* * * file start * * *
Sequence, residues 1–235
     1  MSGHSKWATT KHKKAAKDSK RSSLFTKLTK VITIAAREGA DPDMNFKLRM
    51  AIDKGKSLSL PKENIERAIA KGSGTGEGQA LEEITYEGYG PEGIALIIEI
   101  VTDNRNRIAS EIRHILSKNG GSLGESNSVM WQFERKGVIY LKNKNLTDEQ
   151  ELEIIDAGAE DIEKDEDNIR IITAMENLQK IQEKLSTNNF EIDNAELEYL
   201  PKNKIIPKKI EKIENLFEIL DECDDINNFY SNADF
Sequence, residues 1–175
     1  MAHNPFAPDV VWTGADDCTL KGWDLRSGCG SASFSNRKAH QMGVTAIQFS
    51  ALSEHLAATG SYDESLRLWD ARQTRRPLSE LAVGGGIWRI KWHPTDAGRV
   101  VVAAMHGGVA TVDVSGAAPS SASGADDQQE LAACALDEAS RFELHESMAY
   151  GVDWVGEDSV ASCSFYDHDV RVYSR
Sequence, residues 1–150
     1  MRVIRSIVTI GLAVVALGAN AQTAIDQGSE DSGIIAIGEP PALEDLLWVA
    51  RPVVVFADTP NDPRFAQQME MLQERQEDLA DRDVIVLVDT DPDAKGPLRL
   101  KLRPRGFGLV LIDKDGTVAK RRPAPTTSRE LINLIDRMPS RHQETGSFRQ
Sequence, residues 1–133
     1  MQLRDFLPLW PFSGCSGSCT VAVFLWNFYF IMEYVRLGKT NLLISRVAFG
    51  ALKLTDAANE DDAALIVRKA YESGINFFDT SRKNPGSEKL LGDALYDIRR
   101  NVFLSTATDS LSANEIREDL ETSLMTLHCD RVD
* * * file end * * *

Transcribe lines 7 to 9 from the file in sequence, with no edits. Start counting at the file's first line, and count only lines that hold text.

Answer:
Sequence, residues 1–175
     1  MAHNPFAPDV VWTGADDCTL KGWDLRSGCG SASFSNRKAH QMGVTAIQFS
    51  ALSEHLAATG SYDESLRLWD ARQTRRPLSE LAVGGGIWRI KWHPTDAGRV